This is a seriously impressive novel. It’s probably the most compelling book I’ve read since The Girl on the Train last summer. I read it in roughly two sittings, and had I had all the time in the world, could’ve swallowed in a day.
The novel is centred on Jenna Gray, whose life changes in an instant on one awful day. Desperate to escape the memories, she flees to a remote seaside village in Wales, where she can hope to move on. Unfortunately for Jenna, her past won’t let her escape that easily.
The first half of the novel is told from two perspectives: Jenna’s, and the police team working on the accident. I like novels with a ‘dual’ storyline, because it keeps the book from becoming too stale and offers a change of scenery every other chapter, which keeps you interested in the ‘other’ storyline. The second half of the novel starts to uncover Jenna’s past, which is equally gripping.
Clare Mackintosh does an excellent job of keeping the reader interested; in fact, me and my mum both agreed that we thought something entirely different was happening in the first half of the novel than what was actually going on, which shows that Mackintosh has really put thought and effort into her work. Her characters are well developed, with you as interested in background character Tom as you are in Jenna. There are also a number of side-plots alongside Jenna’s main story, which keeps the momentum of the novel going, and again, stops the focus from being too intense.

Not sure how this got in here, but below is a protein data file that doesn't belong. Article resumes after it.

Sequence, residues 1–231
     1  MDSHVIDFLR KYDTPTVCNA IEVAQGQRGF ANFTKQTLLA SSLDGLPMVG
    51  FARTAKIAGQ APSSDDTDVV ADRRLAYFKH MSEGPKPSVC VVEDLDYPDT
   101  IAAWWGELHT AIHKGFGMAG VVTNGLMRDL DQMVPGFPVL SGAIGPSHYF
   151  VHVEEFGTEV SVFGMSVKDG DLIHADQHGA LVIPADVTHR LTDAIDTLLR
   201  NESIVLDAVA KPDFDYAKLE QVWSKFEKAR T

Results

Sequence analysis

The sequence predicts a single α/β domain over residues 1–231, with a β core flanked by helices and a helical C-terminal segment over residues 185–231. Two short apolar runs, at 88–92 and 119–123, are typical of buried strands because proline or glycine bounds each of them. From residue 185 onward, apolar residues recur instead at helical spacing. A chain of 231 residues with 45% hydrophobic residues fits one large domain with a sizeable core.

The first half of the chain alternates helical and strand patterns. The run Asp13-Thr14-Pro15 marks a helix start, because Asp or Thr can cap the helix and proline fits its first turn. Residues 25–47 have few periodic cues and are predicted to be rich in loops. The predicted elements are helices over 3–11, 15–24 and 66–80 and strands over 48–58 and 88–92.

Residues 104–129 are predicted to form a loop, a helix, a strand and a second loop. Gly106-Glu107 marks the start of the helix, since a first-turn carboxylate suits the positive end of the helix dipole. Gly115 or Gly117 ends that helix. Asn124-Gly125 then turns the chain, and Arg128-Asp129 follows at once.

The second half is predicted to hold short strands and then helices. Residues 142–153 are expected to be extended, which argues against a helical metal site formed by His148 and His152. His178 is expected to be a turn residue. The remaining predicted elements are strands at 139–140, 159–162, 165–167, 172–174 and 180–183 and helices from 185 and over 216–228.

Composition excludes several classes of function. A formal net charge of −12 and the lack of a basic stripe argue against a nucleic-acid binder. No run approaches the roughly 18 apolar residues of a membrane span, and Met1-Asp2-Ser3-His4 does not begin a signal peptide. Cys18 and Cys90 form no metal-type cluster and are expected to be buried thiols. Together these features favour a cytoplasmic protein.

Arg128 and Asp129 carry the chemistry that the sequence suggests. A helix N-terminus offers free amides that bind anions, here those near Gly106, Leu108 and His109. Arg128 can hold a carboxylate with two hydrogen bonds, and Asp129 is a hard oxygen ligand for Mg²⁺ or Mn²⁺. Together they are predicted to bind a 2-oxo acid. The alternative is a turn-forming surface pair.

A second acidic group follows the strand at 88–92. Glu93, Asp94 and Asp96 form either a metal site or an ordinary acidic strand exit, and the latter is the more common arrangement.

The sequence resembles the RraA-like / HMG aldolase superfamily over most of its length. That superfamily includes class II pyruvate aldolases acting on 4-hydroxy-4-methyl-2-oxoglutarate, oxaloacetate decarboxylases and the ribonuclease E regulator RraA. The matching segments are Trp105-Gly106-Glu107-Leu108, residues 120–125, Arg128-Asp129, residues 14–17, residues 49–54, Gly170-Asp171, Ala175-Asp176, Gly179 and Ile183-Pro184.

There was twist after twist after twist in the novel – when I thought I’d hit the first twist, there were still a number left to come, which was part of the reason why it was unputdownable. I couldn’t stop reading because I had to know, firstly, where that twist had come from, and secondly, whether my next predictions were correct.
Mackintosh does a really excellent job of writing a narrative that is, frankly, in some parts disturbing and uncomfortable. Her writing is so skilful that she can have you rooting for a character one minute, hating them the next, and then rooting for them again. And all the while, you’re just desperate to know what happens next.
My only slight grumble was that for someone who didn’t want to be found, I couldn’t understand why Jenna didn’t change her name completely. It made her traceable, which yes, I understand was necessary for the story, but I think someone in Jenna’s situation would want to erase every trace of her past.
It’s an outstanding debut and I give every congratulations to Mackintosh for her writing. I was lucky enough to pick up a sample of I See You at London Book Fair, so I’m looking forward to checking that out.
I Let You Go is published by Sphere.